There is currently a great deal of emphasis on the consolidation of mastertrusts in the market. Perhaps there has not been enough on how this can be achieved in an orderly way, leading to a positive outcome for all.The Pension Schemes Act has begun the process of boosting mastertrust quality, with draft regulations for a stringent authorisation process awaited. The recent review of value assessments of small and medium-sized schemes, mandatory capital adequacy and a review of the charge cap will also help.
Number of schemes is unimportant The desired or expected level of consolidation remains unclear. One hears vastly differing estimates of the target number of mastertrusts. In the past month I have heard 50, 40, 30 and eight being quoted from sources within the Department for Work and Pensions and the Pensions Regulator. Clearly, there is no consensus view. This is as it should be: settling on a figure is putting the answer before the question. The focus should be on setting standards for governance, security of assets and costs. Then mastertrusts can decide whether to meet these or consolidate. If they all wish to meet adequate standards then that is a good outcome. When I hear that a certain number of approvals are “expected” it seems to presume the extent to which sponsors will choose to invest, put capital aside and carry on, or alternatively seek to consolidate into another mastertrust. This cannot be known at this stage.
What are we trying to achieve?
We need to be clear on the aims of this policy: one is greater security of member assets. If consolidation improves this then so much the better. However, the authorisation process under the Pension Schemes Act gives the regulator the ability to make the level of security as high as it wishes, and does not necessarily require consolidation to achieve this. Another aim is greater value for money in pension schemes. This is quite a subjective assessment, and the level of improvement delivered by consolidation may be more modest than many expect.
Careful with the definitions
The regulator’s recent review of the value for money of smaller and medium-sized trusts was accompanied by policy descriptions implying that all members of all schemes should receive the same “value”. These statements need care if the same strategy is applied to mastertrusts. There is a danger of oversimplistic thinking and two issues are being confused and conflated. The first is the issue of governance standards. Ideally all scheme members should receive a similar standard or at least a minimum standard. The regulator can define these standards, and should ensure that members receive a coherent and holistic assessment of value for money, well communicated to them, if they wish to study it. The second issue is one of value for money in the context of member charges and costs. Here, almost all pension providers will operate pricing that varies according to the size of the employer and other characteristics. If the authorities want to aim for similar charges for all members of all schemes, then they need to persuade the whole industry to change their methodology.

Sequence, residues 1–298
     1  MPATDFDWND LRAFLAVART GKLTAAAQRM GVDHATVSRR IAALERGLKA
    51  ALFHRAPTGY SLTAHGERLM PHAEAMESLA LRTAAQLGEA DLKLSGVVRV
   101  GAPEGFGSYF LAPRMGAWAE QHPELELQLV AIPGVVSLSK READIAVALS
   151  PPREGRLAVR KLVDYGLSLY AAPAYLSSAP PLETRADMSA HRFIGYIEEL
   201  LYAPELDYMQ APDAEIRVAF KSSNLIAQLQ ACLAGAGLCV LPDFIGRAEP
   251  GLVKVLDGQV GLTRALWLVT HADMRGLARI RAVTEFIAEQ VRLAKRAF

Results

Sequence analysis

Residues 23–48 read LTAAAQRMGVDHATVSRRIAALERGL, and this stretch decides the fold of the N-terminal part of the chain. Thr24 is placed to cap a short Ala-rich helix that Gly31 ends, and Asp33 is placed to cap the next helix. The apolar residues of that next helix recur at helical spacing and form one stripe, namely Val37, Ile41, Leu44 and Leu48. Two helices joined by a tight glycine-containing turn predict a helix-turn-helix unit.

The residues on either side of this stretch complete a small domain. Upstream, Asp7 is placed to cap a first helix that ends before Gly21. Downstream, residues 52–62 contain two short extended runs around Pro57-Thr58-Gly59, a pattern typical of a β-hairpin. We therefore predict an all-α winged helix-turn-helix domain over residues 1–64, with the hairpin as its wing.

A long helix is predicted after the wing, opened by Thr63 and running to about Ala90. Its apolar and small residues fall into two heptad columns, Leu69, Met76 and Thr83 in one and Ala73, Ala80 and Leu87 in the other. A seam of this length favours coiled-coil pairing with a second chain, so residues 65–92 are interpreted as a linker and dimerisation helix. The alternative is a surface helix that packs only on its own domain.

Cautious support for consolidation
These issues should not be confused. It should be noted that many types of employee benefits have more availability and cheaper cost for larger employers. Members of smaller employers have other benefits and value from being part of smaller employers, however, larger employers can negotiate lower pension charges. So, even though considerable consolidation may be beneficial in various ways, the level of desired consolidation is overstated by many consolidation ‘zealots’ and the cost itself of enacting the consolidation underplayed. The correct approach for regulators is to define the requirements, with no preconceived notion of how many mastertrusts will pass those requirements. It is not a question of how many trusts choose to consolidate – the real issue is how the right standards are defined.